Turkmenistan, holder of the world’s fourth-largest natural gas reserves, signed a $1.7 billion deal with a Turkish-Japanese consortium on Aug. 26 to build a gas-to-liquids plant as part of its strategy to maximize revenues from its gas riches.
The signing ceremony was overseen by autocratic Turkmen President Gurbanguly Berdymukhamedov, who enjoys sweeping powers in his Central Asian nation of 5.5 million people.
“This is the first gas processing facility in the world which will employ a high-end technology to process natural gas into gasoline,” he said at a lavish ceremony in a white hangar decorated with crystal-and-gold chandeliers set up in a desert area near the capital Ashgabat.
The project will be implemented by Japan’s Kawasaki Heavy Industries and Turkey’s Rönesans Endüstri Tesisleri.
“It will produce here annually 600,000 tons of gasoline with octane rating of 92. The cost of the project is estimated at $1.7 billion,” Berdymukhamedov said to rapturous applause of the local diplomatic corps and his government.
The plant will process annually 1.785 billion cubic meters of natural gas, Berdymukhamedov said.
“The oil and gas sector is one of the main elements of our economy and today as demand for natural gas and its derivatives is growing that is why we participating in such international projects,” he added.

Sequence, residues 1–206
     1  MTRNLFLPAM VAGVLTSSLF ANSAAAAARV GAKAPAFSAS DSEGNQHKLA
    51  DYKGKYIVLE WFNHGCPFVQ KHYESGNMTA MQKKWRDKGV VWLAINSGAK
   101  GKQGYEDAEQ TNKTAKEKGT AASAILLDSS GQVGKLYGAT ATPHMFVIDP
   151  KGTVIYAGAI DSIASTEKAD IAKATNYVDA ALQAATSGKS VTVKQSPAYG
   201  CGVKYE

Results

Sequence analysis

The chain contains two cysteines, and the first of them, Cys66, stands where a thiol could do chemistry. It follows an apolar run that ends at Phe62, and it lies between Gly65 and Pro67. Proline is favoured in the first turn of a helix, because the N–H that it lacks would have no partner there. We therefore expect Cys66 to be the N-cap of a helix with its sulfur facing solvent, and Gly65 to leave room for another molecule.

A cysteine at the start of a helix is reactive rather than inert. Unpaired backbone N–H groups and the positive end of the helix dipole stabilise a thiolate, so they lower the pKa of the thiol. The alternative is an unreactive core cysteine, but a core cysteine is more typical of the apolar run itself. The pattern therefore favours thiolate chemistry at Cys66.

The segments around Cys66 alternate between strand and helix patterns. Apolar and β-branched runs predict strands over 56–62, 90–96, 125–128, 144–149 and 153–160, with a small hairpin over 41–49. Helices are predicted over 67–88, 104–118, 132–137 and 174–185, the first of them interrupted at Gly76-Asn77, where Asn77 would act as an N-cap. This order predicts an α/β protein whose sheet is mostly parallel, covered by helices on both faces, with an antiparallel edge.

Japan Bank for International Cooperation will finance 85 percent of the cost of the project and Turkmenistan’s state gas company Turkmengas the rest, a Turkmen official present at the ceremony told Reuters.
It is planned to launch the plant in April 2018.
“The plant in Turkmenistan is extremely important to us,” chief executive Bjerne Clausen said in a statement.
This was “because it is the first large scale project in the world where we can showcase how our technology can help a nation with huge natural gas reserves monetize their natural resources by diversifying beyond conventional gas markets into transportation fuels.”
Turkmenistan, a secretive country which neighbors Iran and Afghanistan, has invested billions of dollars in recent years in projects aimed at diversifying its economy away from its current heavy reliance on natural gas production.
It has enjoyed economic growth of above 10 percent a year since the launch of a gas pipeline to China in late 2009. China, the world’s largest energy consumer, has fast supplanted Russia as the main buyer of Turkmen natural gas.
Last week, Japan’s Mitsubishi Corp. and Turkey’s Gap Insaat laid the foundation for a $1.3 billion plant to produce carbamide from natural gas in Turkmenistan, another diversification project.
Berdymukhamedov in June also concluded two large-scale agreements with South Korea’s LG International Corp and Hyundai Engineering to build two plants worth a total of $4 billion to process gas into liquids and other products.
It will be the first large facility to use new conversion technology by Haldor Topsoe, the Danish company said in a statement.